"We can't keep throwing money at the problem, hoping for a different result," /*Obama*/ said during his weekend radio address. "We need to approach the old challenge of affordable housing with new energy, new ideas, and a new, efficient style of leadership. We need to understand that the old ways of looking at our cities just won't do."
Donovan, head of the New York's Housing Preservation and Development Department, is a former /*Clinton*/ administration HUD official with a national reputation for curtailing low-income foreclosures, developing affordable housing and managing the nation's largest housing plan.
If confirmed by the Senate, Donovan would become the nation's top housing official in the midst of the worst recession in decades. Falling home values and stricter lending standards have ensnared millions of U.S. households. More than 259,000 homes received a foreclosure-related notice in November, up 28 percent from a year earlier. The Federal Reserve is predicting that new foreclosures this year will reach 2.25 million, more than double pre-crisis levels.
Conrad Egan, president of the nonpartisan National Housing Conference, said Obama's selection of Donovan signals that he recognizes HUD can play a big role in the economic recovery.
"It really needs to be a seat at the Cabinet table that is the principal point where housing and community development issues are brought together and resolved successfully," Egan said. "HUD has been perceived as a second-tier participant in meeting that challenge."
Congressional Democrats, with support from Obama, have sought to use part of the $700 billion banking bailout to help homeowners facing foreclosure. The Bush administration has resisted those efforts.
Obama has been reluctant to dive into the details of the plans. Since winning the presidency, he has asked his advisers to develop a plan that would save or create some 2.5 million jobs in the next two years and include the largest public works program in a halfcentury. He said Saturday he sees HUD playing an important role.
"This plan will only work with a comprehensive, coordinated federal effort to make it a reality. We need every part of our government working together," Obama said, adding that "few will be more essential to this effort" than HUD.
Donovan, a 42-year-old New York native, told the Senate Banking, Housing and Urban Affairs Committee in May that HUD's programs have led to "a feast-famine cycle, in which our program grows to the allowed size and then contracts so we don't go above our authorized level."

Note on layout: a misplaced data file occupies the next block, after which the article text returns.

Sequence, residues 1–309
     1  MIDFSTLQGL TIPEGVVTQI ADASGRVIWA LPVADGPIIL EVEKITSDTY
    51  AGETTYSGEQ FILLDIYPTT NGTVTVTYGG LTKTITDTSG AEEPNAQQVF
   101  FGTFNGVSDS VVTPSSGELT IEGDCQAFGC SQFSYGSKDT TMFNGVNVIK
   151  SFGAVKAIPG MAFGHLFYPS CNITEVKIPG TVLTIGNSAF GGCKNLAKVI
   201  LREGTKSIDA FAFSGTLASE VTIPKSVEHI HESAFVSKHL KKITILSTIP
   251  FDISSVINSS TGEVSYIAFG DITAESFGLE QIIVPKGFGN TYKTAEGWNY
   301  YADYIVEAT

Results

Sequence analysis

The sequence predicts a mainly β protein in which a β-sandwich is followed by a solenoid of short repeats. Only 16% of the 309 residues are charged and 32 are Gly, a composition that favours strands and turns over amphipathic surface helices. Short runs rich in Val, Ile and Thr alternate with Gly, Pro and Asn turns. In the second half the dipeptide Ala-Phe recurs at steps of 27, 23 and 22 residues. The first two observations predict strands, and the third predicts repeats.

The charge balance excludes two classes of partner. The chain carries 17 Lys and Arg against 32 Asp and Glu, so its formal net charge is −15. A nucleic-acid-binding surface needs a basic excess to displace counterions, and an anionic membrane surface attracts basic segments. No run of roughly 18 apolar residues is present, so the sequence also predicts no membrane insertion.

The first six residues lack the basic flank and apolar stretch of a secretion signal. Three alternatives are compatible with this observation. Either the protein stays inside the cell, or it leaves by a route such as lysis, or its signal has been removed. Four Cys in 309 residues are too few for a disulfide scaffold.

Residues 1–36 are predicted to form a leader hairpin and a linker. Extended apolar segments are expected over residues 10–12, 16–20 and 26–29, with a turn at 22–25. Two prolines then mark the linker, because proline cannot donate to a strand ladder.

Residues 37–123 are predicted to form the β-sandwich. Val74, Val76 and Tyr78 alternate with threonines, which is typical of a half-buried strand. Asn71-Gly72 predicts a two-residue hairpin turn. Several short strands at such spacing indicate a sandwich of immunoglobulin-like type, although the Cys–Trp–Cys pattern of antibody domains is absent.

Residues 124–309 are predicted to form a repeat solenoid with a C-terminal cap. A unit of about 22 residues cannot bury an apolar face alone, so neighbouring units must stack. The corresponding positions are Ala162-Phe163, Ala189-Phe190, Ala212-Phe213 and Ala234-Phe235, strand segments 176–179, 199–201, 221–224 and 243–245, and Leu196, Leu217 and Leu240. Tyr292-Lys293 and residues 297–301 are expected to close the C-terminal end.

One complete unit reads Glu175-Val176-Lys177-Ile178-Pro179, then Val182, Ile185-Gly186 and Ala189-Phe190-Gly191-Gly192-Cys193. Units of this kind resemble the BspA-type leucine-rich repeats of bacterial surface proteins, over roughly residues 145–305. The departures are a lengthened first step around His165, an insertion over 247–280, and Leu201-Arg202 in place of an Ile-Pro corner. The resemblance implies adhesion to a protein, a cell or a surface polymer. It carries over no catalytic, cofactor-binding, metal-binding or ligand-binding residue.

Obama said Donovan "understands that we need to move past the stale arguments that say low-income Americans shouldn't even try to own a home or that our mortgage crisis is due solely to a few greedy lenders. He knows that we can put the dream of owning a home within reach for more families, so long as we're making loans in the right way, and so long as those who buy a home are prepared for the responsibilities of homeownership."
As New York Mayor Michael Bloomberg's top aide for housing, Donovan kept foreclosures to a minimum in the city's low- and moderate-income homeownership plan, with just five of 17,000 participating homes falling. He oversaw the creation of the $200 million New York Acquisition Fund, a collaboration involving the city, foundations and financial institutions. It is intended to help small developers and nonprofit groups compete for land in the private market.
Obama's selection of Donovan marks the 11th post he has filled in his Cabinet, in just over a month since his election as the nation's first African American president. Still to come are the Central Intelligence Agency, the Environmental Protection Agency, and the departments of energy, education, interior, labor, transportation and agriculture.
The rollout of the selection - announced at 6 a.m. Saturday via e-mail and later in Obama's Saturday radio address - also was a surprise. Obama had introduced all previous Cabinet appointments at televised news conferences, where he also took questions from reporters.
Most speculation had centered on Miami Mayor Manny Diaz, Atlanta Mayor Shirley Franklin or Bronx borough President Adolfo Carrion Jr.
HUD often has been led by someone who is a minority; Donovan is white. Latino groups were pushing heavily for Diaz, following in the footsteps of Clinton appointee Henry Cisneros of San Antonio. Bush picked Mel Martinez of Florida, a Hispanic, and Alphonso Jackson of Texas, an African-American.
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